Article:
Once students have mastered this first method, you can then show them how to create a folder using the right-click technique.

Lesson 2: Right-click to create a folder

  1. Click on the Inbox button to show the folder list and click the pushpin icon at the top of the list to keep it open.
  2. Right-click on the Inbox icon and choose New Folder
  3. Follow steps 2 through 5 from Lesson 1.

Making all the right moves
It’s best to have your students create at least four folders—two as a class and two on their own. Once the folders have been created, students can practice moving messages in and out of them with the typical methods for moving files.

Lesson 3: How to move a message

  1. Click and drag the message on top of the new folder in the folder list (or the shortcut on the Outlook Bar).
  2. When the folder turns dark, release the mouse button.

Lesson 4: Right-click to move a message

  1. Right-click and drag the message on top of the new folder in the folder list (or the shortcut on the Outlook Bar.
  2. Release the mouse button.
  3. Choose Move from the shortcut menu that appears.

It may also be helpful to show students that holding the [Ctrl] key while clicking and dragging a message on top of another folder will create a copy. You’ll also want to demonstrate that holding down the [Shift] key will allow them to select consecutive messages, and that holding down the [Ctrl] key allows them to select nonconsecutive messages.

Once multiple messages are selected, students can follow the steps above to move the messages into the proper folder. This will come in especially handy if the users have already managed to build up a backlog of messages in their Inbox.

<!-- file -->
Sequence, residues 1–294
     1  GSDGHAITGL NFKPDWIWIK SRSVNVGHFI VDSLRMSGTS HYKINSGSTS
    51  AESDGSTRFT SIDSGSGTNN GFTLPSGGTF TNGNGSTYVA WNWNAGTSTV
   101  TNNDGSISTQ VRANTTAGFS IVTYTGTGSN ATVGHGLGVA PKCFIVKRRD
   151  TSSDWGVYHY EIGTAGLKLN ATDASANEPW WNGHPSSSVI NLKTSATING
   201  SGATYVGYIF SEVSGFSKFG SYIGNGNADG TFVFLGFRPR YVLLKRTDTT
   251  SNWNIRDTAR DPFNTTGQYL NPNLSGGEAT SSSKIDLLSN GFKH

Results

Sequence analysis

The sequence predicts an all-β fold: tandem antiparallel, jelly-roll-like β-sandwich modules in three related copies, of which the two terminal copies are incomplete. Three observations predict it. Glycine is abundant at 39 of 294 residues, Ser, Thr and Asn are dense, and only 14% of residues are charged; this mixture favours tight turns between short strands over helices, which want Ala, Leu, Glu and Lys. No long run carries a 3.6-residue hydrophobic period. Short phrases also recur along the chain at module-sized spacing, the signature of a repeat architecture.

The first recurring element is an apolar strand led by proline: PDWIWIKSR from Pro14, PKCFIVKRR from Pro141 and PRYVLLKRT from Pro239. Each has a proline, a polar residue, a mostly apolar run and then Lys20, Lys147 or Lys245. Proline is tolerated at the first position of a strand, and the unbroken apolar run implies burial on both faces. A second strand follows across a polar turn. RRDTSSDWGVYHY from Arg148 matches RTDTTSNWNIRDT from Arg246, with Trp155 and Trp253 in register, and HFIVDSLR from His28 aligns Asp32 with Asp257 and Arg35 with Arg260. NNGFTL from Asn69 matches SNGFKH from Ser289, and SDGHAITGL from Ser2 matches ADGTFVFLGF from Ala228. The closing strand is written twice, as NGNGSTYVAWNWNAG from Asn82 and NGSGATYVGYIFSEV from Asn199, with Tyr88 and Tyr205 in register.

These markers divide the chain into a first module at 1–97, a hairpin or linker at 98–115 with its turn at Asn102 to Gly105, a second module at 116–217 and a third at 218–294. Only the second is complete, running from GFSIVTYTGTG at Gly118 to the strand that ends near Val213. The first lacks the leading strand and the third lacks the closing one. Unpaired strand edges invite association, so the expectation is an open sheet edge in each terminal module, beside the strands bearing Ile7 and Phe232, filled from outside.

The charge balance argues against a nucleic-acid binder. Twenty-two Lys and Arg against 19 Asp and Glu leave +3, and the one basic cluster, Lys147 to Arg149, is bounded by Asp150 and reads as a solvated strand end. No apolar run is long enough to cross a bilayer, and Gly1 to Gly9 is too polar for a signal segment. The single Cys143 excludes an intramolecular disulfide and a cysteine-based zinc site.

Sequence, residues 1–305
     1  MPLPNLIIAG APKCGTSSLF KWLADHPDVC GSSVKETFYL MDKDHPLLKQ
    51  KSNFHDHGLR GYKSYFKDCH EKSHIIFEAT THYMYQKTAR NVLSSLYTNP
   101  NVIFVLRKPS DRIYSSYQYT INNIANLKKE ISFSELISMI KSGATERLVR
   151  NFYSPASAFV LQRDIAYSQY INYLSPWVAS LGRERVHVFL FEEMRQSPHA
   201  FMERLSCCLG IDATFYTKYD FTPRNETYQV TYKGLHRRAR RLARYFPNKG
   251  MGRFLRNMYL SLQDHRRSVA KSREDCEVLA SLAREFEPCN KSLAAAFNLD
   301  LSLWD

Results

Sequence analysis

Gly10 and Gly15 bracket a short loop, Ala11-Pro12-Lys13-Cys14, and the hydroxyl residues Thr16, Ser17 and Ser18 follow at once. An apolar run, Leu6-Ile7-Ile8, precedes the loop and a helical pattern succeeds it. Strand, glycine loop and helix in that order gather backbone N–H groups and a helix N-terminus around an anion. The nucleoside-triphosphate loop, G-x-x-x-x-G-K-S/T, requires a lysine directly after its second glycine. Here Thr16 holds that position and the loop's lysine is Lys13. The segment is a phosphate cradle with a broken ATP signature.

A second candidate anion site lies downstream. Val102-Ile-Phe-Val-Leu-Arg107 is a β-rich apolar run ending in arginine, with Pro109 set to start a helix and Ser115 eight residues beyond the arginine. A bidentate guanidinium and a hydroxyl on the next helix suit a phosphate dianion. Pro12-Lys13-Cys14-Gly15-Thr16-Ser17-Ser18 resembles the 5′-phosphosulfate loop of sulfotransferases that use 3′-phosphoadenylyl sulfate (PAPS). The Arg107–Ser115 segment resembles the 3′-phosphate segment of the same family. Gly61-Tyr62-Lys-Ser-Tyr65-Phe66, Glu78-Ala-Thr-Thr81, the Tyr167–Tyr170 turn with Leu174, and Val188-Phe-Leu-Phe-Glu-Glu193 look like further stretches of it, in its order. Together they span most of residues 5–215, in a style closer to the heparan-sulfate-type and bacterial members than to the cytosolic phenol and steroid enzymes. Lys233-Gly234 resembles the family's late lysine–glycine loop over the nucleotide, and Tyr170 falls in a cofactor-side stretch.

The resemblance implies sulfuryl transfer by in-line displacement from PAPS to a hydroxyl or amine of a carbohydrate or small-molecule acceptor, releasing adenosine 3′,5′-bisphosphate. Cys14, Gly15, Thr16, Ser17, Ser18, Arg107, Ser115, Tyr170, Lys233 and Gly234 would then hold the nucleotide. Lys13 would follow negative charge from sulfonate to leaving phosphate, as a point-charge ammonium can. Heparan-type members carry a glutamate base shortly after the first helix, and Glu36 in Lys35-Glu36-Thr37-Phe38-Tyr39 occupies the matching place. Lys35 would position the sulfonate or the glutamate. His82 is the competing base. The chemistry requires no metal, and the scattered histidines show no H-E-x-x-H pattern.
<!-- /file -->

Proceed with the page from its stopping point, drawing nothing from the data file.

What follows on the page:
If the Inbox if already full, what now?
If their Inbox is already cluttered, students will appreciate a lesson in using the View menu. This menu provides several options for viewing messages, which may make it easier for the user to divide them into folders.

Students may choose to view by Conversation Topic or by Sender—both are great ways to arrange messages to be moved into folders. Students may choose to simply restack their messages in a different order by clicking on the field heading: From, Subject, Received, etc. The triangle that appears next to the word indicates whether the messages are in ascending or descending order.

Spam, anyone?
Creating rules is another way to keep your Inbox free of clutter, and I’ll address that in a future article. But in the mean time, TechRepublic’s Kyle Harmon offers great advice if you’d like to “Teach end users how to keep spam out of the Inbox.”

By planting the seed of good organization, you can grow a well-trained Outlook user with a structured folder list, and a close-to-empty Inbox. Now, if only you could get yourself in that habit, right?
What has your experience teaching Outlook been like? What tips and tricks do you offer for other trainers or for your students? What area causes you the most grief when you’re teaching Outlook? Write and let us know or post your comments below.